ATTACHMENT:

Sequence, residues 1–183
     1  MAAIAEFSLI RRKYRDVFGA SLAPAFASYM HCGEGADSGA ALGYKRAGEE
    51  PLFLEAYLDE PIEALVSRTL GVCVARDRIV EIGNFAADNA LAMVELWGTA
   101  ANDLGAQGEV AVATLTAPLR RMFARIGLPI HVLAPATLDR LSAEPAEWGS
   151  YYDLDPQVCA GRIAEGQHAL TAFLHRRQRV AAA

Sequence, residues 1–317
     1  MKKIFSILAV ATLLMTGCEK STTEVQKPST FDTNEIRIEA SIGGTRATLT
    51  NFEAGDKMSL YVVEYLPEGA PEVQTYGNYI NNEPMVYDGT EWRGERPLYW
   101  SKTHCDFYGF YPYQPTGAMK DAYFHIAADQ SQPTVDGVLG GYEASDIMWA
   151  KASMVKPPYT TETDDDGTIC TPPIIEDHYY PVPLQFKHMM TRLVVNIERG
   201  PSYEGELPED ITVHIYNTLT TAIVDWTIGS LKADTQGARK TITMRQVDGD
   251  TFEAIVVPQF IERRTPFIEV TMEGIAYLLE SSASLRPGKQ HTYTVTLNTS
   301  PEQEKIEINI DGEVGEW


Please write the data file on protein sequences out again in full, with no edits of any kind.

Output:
Sequence, residues 1–183
     1  MAAIAEFSLI RRKYRDVFGA SLAPAFASYM HCGEGADSGA ALGYKRAGEE
    51  PLFLEAYLDE PIEALVSRTL GVCVARDRIV EIGNFAADNA LAMVELWGTA
   101  ANDLGAQGEV AVATLTAPLR RMFARIGLPI HVLAPATLDR LSAEPAEWGS
   151  YYDLDPQVCA GRIAEGQHAL TAFLHRRQRV AAA

Sequence, residues 1–317
     1  MKKIFSILAV ATLLMTGCEK STTEVQKPST FDTNEIRIEA SIGGTRATLT
    51  NFEAGDKMSL YVVEYLPEGA PEVQTYGNYI NNEPMVYDGT EWRGERPLYW
   101  SKTHCDFYGF YPYQPTGAMK DAYFHIAADQ SQPTVDGVLG GYEASDIMWA
   151  KASMVKPPYT TETDDDGTIC TPPIIEDHYY PVPLQFKHMM TRLVVNIERG
   201  PSYEGELPED ITVHIYNTLT TAIVDWTIGS LKADTQGARK TITMRQVDGD
   251  TFEAIVVPQF IERRTPFIEV TMEGIAYLLE SSASLRPGKQ HTYTVTLNTS
   301  PEQEKIEINI DGEVGEW